— Black Rock — $2.117 Trillion

— Vanguard Group — $1.619 Trillion

— State Street Corp — $881 Billion

— Invesco Limited  — $308 Billion

— Charles Schwab — $214 Billion

I wanted to do a top 5 or top 10 list, with just a small point or two about each, but realized that there were some big names to choose from that really know what they’re doing. Because of that fact, they’re red hot right now. And Vanguard Group is one of them. So, here are 3 separate Vanguard ETFs that certainly peak my interest:

Vanguard Financials ETF  (VFH)

After a hellish 2020, the Vanguard Financial Sector has been showing off a little. Year to date, the ETF is up more than 28%. The fund holds an impressive 408 holdings, which are mostly banks. JP Morgan and Bank of America are both prominent examples. The continued economic recovery should only benefit investors in this ETF, due in part to a vote of confidence from the Fed, which plans on easing up restrictions on stock buybacks and the payout of dividends. Not to mention its super-low expense ratio of 0.1%.

Vanguard Real Estate ETF

To start, this gives investors a nice opportunity to invest in real estate without actually buying physical property. This particular ETFs main activity is investing in Real Estate Investment Trusts (REITs), which could be defined simply as mutual funds that invest in real estate rather than in stock. It has an expense ratio of just 0.12%, while also boasting 174 REITs in its portfolio. A portion of the portfolio was subject to negative exposure in some areas of the pandemic such as retail, office buildings, and hotels and resorts. But that’s all. Most of its largest holdings are insulated — that is, protected from any negative exposure. For example, its 10 largest holdings include REITs having to do with data centers, storage facilities… even cell tower properties. When push comes to shove, I think what Vanguard Real Estate’s investors enjoy the most is that Real Estate Investment Trusts end up being pretty easy money. If the dividends are there, you’ll get them.  Fun fact: They’re legally required to pay 90% of their taxable income, in the form of dividends, to the shareholders.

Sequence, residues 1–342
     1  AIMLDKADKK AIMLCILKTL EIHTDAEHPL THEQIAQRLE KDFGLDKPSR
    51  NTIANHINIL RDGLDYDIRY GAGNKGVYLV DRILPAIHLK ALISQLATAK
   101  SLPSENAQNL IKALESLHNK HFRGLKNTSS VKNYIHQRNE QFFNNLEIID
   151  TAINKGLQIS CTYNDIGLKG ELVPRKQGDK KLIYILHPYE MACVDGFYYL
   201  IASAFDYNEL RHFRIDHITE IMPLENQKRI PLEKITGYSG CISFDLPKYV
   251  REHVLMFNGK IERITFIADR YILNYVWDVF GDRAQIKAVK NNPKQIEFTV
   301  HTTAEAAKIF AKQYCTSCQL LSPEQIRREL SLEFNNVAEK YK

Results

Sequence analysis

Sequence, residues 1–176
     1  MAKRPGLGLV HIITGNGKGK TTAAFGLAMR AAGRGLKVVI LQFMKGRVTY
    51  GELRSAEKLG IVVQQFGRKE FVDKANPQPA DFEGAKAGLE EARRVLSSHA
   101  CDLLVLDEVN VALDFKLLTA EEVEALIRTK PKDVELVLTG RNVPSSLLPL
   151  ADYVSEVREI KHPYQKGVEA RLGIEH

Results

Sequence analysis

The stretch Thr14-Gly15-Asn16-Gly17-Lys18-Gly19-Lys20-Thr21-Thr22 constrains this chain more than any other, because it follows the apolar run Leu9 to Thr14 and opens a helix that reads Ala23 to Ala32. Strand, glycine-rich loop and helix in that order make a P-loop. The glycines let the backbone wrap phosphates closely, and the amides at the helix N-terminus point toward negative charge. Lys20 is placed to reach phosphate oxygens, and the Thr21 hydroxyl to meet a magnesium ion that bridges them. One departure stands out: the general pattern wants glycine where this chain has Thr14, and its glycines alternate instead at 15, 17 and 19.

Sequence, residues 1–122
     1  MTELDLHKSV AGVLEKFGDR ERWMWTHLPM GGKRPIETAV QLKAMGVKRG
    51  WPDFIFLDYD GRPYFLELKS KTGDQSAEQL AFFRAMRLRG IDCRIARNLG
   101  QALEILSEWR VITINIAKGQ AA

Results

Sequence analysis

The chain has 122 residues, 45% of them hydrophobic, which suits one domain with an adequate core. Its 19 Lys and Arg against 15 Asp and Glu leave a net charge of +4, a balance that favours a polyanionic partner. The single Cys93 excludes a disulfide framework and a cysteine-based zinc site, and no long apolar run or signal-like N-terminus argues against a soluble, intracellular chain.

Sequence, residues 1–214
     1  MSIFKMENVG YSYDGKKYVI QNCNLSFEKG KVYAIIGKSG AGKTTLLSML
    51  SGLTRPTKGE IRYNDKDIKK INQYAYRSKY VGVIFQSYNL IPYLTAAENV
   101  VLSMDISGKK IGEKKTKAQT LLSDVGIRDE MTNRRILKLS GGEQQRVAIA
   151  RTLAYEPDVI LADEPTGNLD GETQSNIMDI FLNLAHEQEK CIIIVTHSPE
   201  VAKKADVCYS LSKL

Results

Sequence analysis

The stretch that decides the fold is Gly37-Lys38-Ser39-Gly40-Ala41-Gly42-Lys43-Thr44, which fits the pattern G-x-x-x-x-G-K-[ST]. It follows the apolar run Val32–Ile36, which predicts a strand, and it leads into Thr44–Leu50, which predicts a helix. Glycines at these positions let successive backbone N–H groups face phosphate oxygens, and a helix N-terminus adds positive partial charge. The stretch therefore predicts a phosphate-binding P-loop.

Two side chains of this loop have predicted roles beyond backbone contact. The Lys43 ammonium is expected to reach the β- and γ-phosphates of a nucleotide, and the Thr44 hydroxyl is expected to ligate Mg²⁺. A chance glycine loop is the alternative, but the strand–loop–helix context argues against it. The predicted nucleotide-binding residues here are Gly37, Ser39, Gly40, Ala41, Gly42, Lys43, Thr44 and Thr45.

Vanguard Health Care ETF  (VHT)

My last but definitely not least choice of the three is Vangaurd’s Healthcare EFT. It invests in an index of 445 United States healthcare stocks, with a very low 0.1% expense ratio. It’s biggest focuses are in healthcare equipment (24%), pharmaceuticals (23.9%), and biotechnology (18.5% and one of the coolest classes to take, ever). And let’s not forget — Pfizer and Johnson & Johnson happen to be two of its top holdings. I don’t know what you’d call that —  but I like what I’ve been reading. Let’s make money!